Truly Sir Alex Ferguson's legacy to United is the gift that keeps on giving. Apart from the phenomenal length of his service Giggs has been a one-club man, and now he is moving into position to stay at the same club for the rest of his career, which in a coaching capacity could easily last another couple of decades.
It is even possible to say at this early stage that Giggs is being groomed as a future United manager, an eventual successor to David Moyes, which is almost certainly what Ferguson would have wished. The exact timescale might be hazy, it all depends on how successful United are under Moyes and how forcefully the new man stamps his personality on the club, but the blueprint is fairly clear.
Not content with knocking Liverpool off their perch in terms of titles, United will now thank them for the idea and attempt to replicate the boot-room philosophy of promotion from within that was so successful at Anfield for such a long time.
And why not? When you have established such a nucleus of experience and knowhow en route to unparalleled success, why break up the band? Why would United want Giggs, Paul Scholes, Nicky Butt and perhaps Neville to pass their knowledge on to Premier League rivals? If those ex-players (not that Giggs is in that category just yet) are still coaching at the club in five or 10 years time, United will have no need to look elsewhere for their next manager.
One wonders, in fact, what Moyes privately thinks about this situation, since it appears Ferguson has laid foundations that might outlast his tenure. The Scot has brought his team of trusted assistants across from Goodison, as everyone expected him to do, but with Giggs joining Scholes and Butt on the coaching staff there appears a slight danger of having more chiefs than Indians running around at Carrington.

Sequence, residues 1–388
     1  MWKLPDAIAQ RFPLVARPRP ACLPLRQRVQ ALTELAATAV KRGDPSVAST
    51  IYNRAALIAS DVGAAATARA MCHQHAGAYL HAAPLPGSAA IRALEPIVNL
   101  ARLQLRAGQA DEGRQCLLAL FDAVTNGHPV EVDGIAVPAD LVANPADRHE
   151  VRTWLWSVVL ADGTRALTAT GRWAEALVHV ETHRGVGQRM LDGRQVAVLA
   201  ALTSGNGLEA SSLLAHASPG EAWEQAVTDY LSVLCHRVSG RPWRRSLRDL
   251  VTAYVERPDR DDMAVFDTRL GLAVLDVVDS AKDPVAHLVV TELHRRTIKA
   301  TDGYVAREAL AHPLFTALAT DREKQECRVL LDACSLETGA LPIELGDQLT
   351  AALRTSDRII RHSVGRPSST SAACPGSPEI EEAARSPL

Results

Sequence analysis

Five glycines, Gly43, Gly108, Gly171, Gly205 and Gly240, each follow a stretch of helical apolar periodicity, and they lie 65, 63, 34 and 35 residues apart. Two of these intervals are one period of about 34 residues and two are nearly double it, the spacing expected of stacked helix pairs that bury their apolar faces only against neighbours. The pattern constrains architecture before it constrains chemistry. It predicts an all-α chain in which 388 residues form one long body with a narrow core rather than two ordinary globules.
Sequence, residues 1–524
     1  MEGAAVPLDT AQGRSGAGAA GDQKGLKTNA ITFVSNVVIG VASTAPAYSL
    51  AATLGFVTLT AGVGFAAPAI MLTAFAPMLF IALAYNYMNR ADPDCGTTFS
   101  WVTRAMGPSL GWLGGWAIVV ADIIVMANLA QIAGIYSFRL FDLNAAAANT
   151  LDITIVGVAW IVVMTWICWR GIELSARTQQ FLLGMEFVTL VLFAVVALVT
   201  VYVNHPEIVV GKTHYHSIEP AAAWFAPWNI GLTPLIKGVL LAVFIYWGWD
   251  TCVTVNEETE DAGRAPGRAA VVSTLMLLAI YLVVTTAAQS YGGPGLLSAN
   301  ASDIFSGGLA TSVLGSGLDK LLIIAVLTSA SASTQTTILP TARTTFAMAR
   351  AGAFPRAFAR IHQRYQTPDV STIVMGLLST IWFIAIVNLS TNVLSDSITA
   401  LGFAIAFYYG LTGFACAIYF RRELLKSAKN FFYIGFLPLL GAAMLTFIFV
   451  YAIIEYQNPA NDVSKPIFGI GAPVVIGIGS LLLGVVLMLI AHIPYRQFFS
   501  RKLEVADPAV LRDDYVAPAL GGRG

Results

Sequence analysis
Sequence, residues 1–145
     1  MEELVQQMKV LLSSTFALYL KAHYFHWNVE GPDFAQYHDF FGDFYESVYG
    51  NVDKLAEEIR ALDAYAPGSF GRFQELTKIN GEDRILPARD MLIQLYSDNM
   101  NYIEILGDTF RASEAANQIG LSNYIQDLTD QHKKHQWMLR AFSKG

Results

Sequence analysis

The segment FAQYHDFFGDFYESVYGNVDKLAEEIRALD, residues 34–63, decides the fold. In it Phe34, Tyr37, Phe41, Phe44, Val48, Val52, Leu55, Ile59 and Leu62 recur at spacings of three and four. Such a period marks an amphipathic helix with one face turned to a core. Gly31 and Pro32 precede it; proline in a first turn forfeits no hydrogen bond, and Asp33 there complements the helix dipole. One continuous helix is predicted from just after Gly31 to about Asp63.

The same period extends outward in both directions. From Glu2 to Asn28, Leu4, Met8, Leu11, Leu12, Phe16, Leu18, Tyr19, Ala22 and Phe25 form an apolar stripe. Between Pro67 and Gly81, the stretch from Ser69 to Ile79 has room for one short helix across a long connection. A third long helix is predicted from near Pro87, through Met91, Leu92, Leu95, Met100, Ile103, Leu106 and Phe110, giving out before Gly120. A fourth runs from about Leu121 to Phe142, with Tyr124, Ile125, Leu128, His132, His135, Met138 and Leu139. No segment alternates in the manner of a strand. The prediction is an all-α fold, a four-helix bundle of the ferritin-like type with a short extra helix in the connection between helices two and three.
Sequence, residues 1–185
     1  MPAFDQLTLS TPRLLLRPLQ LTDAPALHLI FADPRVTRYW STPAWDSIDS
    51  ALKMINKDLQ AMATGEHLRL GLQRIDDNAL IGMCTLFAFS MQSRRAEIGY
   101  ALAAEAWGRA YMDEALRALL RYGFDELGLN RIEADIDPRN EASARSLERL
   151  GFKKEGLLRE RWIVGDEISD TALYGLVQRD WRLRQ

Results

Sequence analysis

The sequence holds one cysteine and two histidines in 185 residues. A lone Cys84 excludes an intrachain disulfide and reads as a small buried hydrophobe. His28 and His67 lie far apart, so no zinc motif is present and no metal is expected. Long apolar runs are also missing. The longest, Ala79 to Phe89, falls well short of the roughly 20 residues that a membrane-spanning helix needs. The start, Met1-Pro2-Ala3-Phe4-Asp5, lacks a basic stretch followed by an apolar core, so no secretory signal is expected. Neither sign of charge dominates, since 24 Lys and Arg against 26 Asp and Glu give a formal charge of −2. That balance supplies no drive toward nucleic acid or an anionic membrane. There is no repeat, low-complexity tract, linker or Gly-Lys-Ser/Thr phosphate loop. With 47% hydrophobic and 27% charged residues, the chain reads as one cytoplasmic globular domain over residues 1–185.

"I am delighted that Ryan has accepted the chance to become player coach," Moyes said. He could hardly have been surprised, but he didn't mention that. "His career is an example to any aspiring young player and I am sure that both he and the players will benefit from his new role."
That much is true, and when Giggs is spoken of in those terms it puts one in mind of Pep Guardiola, who is now the most sought-after coach in Europe but a mere six years ago was taking his first steps in management with Barcelona B.
Guardiola was 36 years old at the time, Giggs is 39 now. There was never much chance of Guardiola failing, because to players such as Xavi Hernández, Cesc Fàbregas and Andrés Iniesta he was and still is an all-time hero. Giggs is in precisely that position at Old Trafford now, and though it might be a while before he gets a team of his own to run, at some point or other he will be in line for consideration for the main job.
Whether that makes Moyes' task easier or more difficult is an interesting question. On the one hand, who could say no to working alongside such a popular and experienced player? On the other hand, Giggs represents Ferguson and the past, and Moyes needs to be his own man and to make a fresh start.
Moyes is already under considerable pressure – everyone knows that following Ferguson is not going to be easy and he will be under public scrutiny as never before – and the fact that Fergie's fledglings are still cluttering the nest is going to test his diplomatic skills too. Perhaps cluttering is not quite the term, not yet anyway, since it suggests there are too many nestlings for comfort. At the moment United are one big happy family, all in self-congratulatory mode. But the games haven't started yet.
Results, as ever, will soon show the worth of United's new set-up.
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